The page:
Sometimes it’s hard to let go of certain fears, particular doubts.
John, age two, is an absolute joy to have around. He’s the perfect little sponge, too. Since Charles took his time speaking, it’s been a fun (and funny!) experience having a two year old who speaks exceptionally well. He’ll basically repeat anything said to him (I need to get a recording of him singing The Seven Continents Song, because it’s just beyond adorable); he has learned the alphabet song and is counting pretty well, all from hearing it, mostly from his older brother. I think this is rather typical, but since Charles had no interest in talking for the longest time (and then when he would speak to me, a lot of times he would just whisper), it is different and new to us.
That being said, Charles was doing jigsaw puzzles before he was two. He has always had an ability to focus deeply, calmly, and with an immediate respect for the materials we might be using. For example, I introduced a movable alphabet to Charles at a very young age: he returned letters back to their proper places; he kept the material in the intended space (never carried a letter or two into another room); he never threw or broke or played with it inappropriately. This, at age two (or even before age two). I didn’t teach him this, it’s just his personality. This may sound silly, but I really didn’t understand how unique this was until I had another child.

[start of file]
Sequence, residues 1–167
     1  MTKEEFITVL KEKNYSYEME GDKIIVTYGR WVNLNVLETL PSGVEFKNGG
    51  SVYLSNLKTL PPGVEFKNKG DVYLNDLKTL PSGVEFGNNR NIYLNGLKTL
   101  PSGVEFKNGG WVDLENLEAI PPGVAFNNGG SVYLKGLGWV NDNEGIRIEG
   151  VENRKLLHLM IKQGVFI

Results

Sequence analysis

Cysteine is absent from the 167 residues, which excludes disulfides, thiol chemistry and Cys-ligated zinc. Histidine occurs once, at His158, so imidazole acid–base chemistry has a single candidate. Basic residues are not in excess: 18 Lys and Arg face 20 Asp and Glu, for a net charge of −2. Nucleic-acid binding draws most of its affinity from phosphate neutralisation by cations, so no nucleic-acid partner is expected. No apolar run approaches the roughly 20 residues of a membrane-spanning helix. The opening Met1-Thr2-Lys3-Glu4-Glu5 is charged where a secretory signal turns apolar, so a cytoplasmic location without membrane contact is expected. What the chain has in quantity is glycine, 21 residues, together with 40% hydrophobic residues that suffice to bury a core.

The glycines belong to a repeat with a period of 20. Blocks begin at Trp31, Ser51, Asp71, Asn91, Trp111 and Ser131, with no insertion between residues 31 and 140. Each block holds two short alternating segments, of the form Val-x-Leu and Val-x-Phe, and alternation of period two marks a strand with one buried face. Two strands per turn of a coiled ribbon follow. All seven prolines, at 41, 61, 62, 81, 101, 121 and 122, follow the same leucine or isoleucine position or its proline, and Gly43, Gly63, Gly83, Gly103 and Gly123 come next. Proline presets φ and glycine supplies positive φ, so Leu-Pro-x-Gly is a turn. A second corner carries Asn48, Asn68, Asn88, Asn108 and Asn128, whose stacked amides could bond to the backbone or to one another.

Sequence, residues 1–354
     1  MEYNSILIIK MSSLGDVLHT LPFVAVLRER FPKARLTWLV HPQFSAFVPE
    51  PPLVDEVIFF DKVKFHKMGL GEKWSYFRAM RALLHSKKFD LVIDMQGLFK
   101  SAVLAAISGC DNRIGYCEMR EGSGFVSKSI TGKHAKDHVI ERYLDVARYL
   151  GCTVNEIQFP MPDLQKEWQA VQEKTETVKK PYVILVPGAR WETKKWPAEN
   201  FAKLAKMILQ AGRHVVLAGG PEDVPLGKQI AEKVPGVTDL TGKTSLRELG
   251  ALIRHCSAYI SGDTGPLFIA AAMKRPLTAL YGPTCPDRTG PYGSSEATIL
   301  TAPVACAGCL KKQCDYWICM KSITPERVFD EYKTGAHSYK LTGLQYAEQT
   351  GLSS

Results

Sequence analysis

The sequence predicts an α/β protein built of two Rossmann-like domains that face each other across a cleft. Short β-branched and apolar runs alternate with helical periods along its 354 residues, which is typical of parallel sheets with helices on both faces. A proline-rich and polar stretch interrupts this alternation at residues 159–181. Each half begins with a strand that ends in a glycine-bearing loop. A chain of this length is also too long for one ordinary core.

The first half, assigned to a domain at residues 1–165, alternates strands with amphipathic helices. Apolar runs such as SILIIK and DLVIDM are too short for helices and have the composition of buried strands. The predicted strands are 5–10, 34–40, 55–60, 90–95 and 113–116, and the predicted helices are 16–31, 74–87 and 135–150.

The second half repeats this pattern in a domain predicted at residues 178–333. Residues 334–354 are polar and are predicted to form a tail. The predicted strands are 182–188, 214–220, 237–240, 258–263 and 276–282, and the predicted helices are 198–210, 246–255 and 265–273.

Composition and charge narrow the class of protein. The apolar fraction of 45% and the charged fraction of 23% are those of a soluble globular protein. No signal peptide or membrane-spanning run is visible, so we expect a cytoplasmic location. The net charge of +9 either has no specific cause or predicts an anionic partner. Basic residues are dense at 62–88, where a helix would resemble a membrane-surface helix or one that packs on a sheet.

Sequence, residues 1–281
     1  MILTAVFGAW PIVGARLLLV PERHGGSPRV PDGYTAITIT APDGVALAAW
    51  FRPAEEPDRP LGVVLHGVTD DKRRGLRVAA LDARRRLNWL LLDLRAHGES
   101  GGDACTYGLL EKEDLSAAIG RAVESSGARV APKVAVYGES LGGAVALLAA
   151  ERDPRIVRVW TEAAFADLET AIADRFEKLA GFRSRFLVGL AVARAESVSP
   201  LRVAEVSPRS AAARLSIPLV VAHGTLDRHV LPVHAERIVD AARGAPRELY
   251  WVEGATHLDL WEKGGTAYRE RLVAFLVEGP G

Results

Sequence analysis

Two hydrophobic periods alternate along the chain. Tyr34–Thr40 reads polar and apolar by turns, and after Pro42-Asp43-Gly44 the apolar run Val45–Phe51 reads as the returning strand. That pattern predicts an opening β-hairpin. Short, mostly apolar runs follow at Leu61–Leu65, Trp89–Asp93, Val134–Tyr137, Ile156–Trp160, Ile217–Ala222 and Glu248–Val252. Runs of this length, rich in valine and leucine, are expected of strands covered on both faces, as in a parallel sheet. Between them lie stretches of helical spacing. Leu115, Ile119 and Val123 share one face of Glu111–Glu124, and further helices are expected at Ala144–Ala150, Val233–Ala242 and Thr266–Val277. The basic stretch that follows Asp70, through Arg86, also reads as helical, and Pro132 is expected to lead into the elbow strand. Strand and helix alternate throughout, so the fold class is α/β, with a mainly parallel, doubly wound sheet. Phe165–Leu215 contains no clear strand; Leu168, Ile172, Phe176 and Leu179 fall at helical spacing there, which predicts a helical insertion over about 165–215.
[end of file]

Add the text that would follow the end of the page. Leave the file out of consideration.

John is learning to be more respectful with our learning materials, but he has a long way to go before scattering pieces all over the house, and throwing things occasionally when he’s tired of it (or just to get some attention). I bring all of this up because like any other mom, I’m dealing with two very different personalities, learning styles, and levels, and I’ve had to adjust my expectations. A lesson on place value with Charles can go quite smoothly—if John isn’t around.
Now when I’ve asked some homeschooling friends what they do with their littles during lessons, they give them something like a coloring page, and tell them it’s their lesson, etc. My problem is, we favor more Montessori type lessons (when doing something more “formal” and not entirely play-based), with different materials and manipulatives. I’m not just handing out a worksheet. John wants to be doing whatever Charles is doing, and sometimes that also goes vice versa as well. If I gave John something separate to do while we do a lesson, Charles may want to do what John is doing (Charles being just two years older). My point is, no kid wants to be stuck coloring while his brother gets to play with math blocks.
Anyway, I’ve been struggling with how to approach this. John will still take a nap, mostly, but it’s starting to phase out a bit, so I can’t always count on naptime for more “formal” lessons. (The other issue at hand, I’m in my third trimester at the moment, and by the afternoon, I’m ready for a nap, too! But I am guilty of not getting to bed on time, so I’m shooting myself in the foot there; I need to correct my bad habits.)
My solution for now is to just do it. I will limit my expectations, drink a big cup of patience, modify our play, and try to take advantage of naptime more. I suppose if anything, I’m learning an important lesson not to rush things, to take our time. To respect a careful, steady, slow pace.